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What if Africa became Imperial?

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  • What if Africa became Imperial?

    Let's say that Europe could never recover properly after the fall of the Roman and Byzantine Empires. So they never set sail for the America's, establish colonies, or take over most of the world.

    So instead, Africa leaps onto the world's stage, with advanced technology (compared to the rest of the world), strong economies, and the military to enforce their will.

    What would the world be like if the Continents of Europe, Asia, and the Americas were carved up between Africa?

  • #2
    Originally posted by Fenris Hachiman View Post
    Let's say that Europe could never recover properly after the fall of the Roman and Byzantine Empires. So they never set sail for the America's, establish colonies, or take over most of the world.

    So instead, Africa leaps onto the world's stage, with advanced technology (compared to the rest of the world), strong economies, and the military to enforce their will.

    What would the world be like if the Continents of Europe, Asia, and the Americas were carved up between Africa?
    Surely Africa is split up into so many nations that they would be too busy fighting among themselves to do that.
    'By Horse by Tram'.


    I was in when they needed 'em,not feeded 'em.
    " Youuu 'Orrible Lot!"

    Comment


    • #3
      Originally posted by lcm1 View Post
      Surely Africa is split up into so many nations that they would be too busy fighting among themselves to do that.
      You mean in contrast to the unity Europe achived between the fall of Rome and ... 1945?

      Back in my university days thirty years ago I took a couple semesters of Africa history. Simple survey courses. One clear point was the lack of English language publication about African civilizations. The instructor drew the vast majority of his information from publications in other languages. Much information about civilization in Africa and particularly sub Saharan Africa did not seem to be available in English.

      A second point rested on the constant three way interchange of trade, technology, ideas, and general culture between Africa, Europe, and the Middle East through history. The view that this interchange flowed only towards Africa and never the opposite direction became a dominate view, which still colors modern English language discourse, particularly in the US. Another professor of the Classical Greek and Roman age suggested you cant look at that era in terms of African, or European or Middle Eastern, but rather as a "Mediterranian" civilization.

      Third has been the modern perspective of judging 'civilization' against the guage of the 19th Century industrial revolution of Europe and North America and 20th Century industrial development. Compare the general or brod view of 17th, 12th, or 8th Century Africa, Europe & the Middle East and the differnces are much smaller.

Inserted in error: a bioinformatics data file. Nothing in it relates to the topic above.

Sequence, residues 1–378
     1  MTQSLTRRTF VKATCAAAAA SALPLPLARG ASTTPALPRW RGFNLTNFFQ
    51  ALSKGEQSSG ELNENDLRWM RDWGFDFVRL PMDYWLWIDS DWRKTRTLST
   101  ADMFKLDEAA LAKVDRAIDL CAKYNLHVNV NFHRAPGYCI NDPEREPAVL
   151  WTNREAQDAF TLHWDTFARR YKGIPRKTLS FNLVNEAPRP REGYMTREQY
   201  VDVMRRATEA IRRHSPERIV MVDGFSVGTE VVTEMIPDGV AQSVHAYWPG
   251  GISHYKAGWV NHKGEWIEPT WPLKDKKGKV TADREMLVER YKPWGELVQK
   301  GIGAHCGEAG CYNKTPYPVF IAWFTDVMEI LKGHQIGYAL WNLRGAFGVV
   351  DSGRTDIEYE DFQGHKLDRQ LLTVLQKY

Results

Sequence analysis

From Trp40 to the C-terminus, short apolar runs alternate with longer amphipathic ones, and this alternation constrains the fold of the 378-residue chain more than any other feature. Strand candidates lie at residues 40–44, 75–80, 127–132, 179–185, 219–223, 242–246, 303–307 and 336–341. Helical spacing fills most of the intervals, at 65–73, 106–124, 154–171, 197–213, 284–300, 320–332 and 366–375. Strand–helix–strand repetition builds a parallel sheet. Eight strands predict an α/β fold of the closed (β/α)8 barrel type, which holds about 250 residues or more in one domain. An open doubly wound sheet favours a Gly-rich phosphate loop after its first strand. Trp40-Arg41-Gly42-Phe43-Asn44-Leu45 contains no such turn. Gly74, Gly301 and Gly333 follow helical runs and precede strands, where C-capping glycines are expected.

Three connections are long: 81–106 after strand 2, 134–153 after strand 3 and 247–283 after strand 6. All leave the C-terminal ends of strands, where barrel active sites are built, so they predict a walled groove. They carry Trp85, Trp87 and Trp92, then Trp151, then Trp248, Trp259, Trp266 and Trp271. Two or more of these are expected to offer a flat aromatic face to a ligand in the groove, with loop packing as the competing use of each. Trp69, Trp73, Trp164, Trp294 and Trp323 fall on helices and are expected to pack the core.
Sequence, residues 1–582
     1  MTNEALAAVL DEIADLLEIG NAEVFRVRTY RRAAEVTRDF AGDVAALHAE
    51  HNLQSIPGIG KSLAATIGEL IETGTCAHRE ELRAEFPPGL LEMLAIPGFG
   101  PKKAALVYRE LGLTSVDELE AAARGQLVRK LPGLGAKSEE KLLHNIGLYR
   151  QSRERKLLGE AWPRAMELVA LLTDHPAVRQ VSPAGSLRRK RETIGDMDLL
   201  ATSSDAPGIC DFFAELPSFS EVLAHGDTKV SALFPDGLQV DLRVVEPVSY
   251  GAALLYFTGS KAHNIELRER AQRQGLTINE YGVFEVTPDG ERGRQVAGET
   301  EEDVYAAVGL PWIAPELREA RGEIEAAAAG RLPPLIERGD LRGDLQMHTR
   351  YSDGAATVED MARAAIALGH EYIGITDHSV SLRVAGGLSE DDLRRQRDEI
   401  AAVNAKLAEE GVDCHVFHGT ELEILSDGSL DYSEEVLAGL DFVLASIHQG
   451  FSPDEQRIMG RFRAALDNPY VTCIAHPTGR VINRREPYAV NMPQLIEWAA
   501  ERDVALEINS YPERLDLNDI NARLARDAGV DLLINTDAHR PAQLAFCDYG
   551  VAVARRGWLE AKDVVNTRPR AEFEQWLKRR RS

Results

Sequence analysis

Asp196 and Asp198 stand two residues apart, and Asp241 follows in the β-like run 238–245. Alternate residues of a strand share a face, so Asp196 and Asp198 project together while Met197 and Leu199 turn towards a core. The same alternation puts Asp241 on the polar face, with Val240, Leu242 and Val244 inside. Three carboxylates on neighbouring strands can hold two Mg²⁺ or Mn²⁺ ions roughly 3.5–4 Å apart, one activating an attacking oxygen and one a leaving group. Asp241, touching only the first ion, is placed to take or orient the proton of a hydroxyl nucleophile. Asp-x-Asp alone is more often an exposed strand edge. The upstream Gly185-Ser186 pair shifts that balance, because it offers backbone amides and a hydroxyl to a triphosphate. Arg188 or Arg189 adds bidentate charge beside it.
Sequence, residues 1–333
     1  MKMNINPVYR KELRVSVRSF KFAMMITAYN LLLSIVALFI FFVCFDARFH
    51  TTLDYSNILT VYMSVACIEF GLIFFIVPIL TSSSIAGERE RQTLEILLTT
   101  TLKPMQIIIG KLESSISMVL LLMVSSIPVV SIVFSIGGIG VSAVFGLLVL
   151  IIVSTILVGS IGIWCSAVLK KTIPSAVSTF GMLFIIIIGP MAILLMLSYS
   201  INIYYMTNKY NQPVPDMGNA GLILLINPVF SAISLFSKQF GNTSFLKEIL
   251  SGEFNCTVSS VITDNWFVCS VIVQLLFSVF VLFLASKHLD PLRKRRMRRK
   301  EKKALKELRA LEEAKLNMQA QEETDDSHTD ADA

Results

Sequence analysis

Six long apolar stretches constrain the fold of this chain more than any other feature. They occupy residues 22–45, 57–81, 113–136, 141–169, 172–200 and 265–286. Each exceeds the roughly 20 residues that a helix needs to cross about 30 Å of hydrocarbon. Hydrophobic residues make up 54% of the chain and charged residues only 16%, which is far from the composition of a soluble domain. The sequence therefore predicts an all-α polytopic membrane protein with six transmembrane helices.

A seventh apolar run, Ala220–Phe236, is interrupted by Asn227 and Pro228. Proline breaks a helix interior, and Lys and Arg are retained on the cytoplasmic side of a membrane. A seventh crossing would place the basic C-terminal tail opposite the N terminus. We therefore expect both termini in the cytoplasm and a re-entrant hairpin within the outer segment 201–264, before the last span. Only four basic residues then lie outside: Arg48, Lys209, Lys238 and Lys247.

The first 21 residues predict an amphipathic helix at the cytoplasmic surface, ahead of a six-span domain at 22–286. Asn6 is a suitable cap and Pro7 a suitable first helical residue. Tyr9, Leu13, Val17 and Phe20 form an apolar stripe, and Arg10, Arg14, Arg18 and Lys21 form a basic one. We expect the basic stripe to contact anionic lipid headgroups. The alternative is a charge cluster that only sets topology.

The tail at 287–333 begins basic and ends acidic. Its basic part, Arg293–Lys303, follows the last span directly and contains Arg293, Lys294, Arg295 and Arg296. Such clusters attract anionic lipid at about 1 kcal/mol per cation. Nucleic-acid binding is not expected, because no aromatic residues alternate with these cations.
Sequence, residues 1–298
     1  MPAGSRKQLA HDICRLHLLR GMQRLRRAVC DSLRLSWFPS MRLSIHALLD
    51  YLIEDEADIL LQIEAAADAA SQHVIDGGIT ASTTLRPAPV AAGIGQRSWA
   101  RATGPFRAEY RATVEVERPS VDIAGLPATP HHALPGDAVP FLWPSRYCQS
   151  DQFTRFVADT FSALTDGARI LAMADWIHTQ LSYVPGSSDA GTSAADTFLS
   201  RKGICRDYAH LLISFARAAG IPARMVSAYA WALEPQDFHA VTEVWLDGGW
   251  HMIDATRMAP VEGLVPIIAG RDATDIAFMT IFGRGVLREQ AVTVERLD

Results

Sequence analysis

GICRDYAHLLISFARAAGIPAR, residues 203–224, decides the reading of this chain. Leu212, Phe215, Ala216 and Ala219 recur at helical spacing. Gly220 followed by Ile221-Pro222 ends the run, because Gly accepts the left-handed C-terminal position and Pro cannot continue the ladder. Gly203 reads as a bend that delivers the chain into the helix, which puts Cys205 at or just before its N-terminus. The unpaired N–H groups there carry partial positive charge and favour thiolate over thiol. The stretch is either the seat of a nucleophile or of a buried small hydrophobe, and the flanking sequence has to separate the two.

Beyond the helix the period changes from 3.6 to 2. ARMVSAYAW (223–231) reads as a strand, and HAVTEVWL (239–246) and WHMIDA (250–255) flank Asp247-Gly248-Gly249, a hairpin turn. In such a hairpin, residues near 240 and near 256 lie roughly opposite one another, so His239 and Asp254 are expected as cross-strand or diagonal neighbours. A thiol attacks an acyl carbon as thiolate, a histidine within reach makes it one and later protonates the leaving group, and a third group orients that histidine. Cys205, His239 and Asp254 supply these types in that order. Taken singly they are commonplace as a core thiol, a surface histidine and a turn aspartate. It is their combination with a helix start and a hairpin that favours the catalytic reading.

Last the view is distorted by the vast changes wrought by the colonial era begaining in the 19th Century. Both the economic and cultural changes and the replacement of older African culture with European & Middle Eastern culture obscures the pre 19th Century picture.

      Comment


      • #4
        The foundation of Empires easy and efficient method of travel. Africa did not lend itself to easy and efficient ravel. The great rivers of Africa home to deadly insect borne diseases. The coastal areas are also home to the same diseases. The only regions that were relatively free of inspect borne disease was the African highlands. Those spawn many empires and civilizations but they never had the ability to conquer the surrounding diseased lowlands. This is one of things that prevent African empires from expanding over the whole continent let alone to Europe or Asia. Jared Diamond also argues about agricultural effects that I think would have impact. Africa did however certainly have suitable animals for domestication so that would not be a problem.

        Of there is one major river in Africa that is not affected by the above mentioned problems and it certainly was the basis of many empires, the Nile
        FoxNEWS "The World is unfair and we are running scared"

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        • #5
          The Sahael region lying between the Shara and the tropicall wetlands to the south was another area where disease interfered less with the development of trade and complex political systems. The eastern coast had some large areas where trade, technology, and political systems developed. The area comprising modern Ethiopea and Somliland has had a high level of cultural development reaching back to at least Roman times. For some reason the temperate and realatively healthy reagion of the southern tip of Africa did not develop the agriculture, population, or technology of a 'civilization. The little studied cities of Zimbabwe are the closest a high level of technology came to 'South Africa' until the Europeans in the 1600s.

          Jared Diamond identifiys the existance of a 'crossroads effect' aiding a region in advancing consistently and developing imperial capabilities. that is if a area lies at a junction of several developing areas it will develop in a more robust fashion from drawing on the economys and cultures of the several adjacent regions.

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          • #6
            Jared Diamond wrote an excellent book Guns Germs and Steel showing why the nations of western Europe rose to world domination. To summarise a huge book into a few bullet points:
            • the Eurasian land mass creates a huge east west temperate zone allowing crop types, farming techniques, technology and knowldege to pass fairly easilly (such as the Silk Road". The "vertical" north south landmasses such as South America and Africa lacked this critical mass.